A former USC employee pleaded guilty Monday to participating in a grade-tampering scheme that authorities say may have involved as many as 43 students.
Prosecutors alleged that Darryl Gillard, 28, of Los Angeles took payoffs ranging from $500 to $2,000 to boost students' grades by altering transcripts through the university's computer system. Deputy Dist. Atty. Stephen Plafker said Gillard, whose position with USC's registration and records office already had been phased out when the alleged tampering occurred, visited his former workplace after hours to make the changes.
Gillard, who is free on $20,000 bail, was charged in April with seven counts of illegal computer access between May, 1983, and May, 1984. In addition, he was arrested May 13 and charged with selling cocaine to an undercover police officer.
In exchange for guilty pleas to the drug charge and to one count of illegal computer access, Plafker agreed to seek a maximum prison term of two years. The prosecutor said the defendant, who could have been sentenced to as many as six years on the computer charges alone, can withdraw his guilty plea if the sentencing judge does not go along with the plea bargain.
Plafker said Gillard is under no obligation to testify against Mehrdad Amini, a 28-year-old former USC student who is scheduled to go on trial this week on five counts of illegal computer access.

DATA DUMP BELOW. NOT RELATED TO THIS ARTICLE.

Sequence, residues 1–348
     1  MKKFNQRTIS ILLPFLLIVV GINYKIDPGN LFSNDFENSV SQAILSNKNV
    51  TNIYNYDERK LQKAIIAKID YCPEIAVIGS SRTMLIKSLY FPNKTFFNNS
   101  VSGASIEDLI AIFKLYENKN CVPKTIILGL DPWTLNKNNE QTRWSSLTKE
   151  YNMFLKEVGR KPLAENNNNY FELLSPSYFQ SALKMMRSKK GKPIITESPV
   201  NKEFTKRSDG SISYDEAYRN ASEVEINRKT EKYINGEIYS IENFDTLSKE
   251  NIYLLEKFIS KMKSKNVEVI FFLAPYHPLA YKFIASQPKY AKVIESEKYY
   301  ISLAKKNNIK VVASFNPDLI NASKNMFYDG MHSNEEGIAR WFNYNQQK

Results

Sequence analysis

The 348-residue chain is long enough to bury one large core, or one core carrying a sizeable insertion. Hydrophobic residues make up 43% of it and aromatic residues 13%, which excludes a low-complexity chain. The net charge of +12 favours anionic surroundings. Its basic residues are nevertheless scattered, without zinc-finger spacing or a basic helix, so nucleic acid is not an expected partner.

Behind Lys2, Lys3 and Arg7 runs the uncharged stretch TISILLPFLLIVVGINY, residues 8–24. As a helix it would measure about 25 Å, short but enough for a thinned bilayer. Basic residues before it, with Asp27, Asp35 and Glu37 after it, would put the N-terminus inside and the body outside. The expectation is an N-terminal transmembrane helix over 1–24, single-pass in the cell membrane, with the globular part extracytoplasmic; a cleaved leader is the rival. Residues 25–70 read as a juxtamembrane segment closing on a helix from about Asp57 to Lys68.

The prosecutor added, however, that Gillard "may be able to get a better deal" if he cooperates in the Amini prosecution.
Los Angeles Municipal Judge Leon S. Kaplan set Gillard's sentencing for Aug. 20 in Superior Court.
Amini is believed to have been one of the middlemen who brought Gillard together with students. Also charged in the case was Manuel Roberts, 23, of Los Angeles, who has fled and may be in New York, Plafker said.
Internal Probe Complete
USC officials said Monday they have completed their internal investigation of the grade-tampering matter. Confidential administrative hearings have resulted so far in the expulsion of 14 students and the suspensions of seven, according to Robert L. Mannes, dean for student life.
Evidence against eight other students was deemed insufficient for further action, and in 14 cases academic records were placed on "permanent hold" after the students failed to respond to requests to attend the administrative hearings, Mannes said.
The dean said security had been improved by adding checkpoints to the computer system to keep track of changes and ascertain if they are authorized. "No system is ever perfect," he said, "but our hope is that we have things pretty well under control."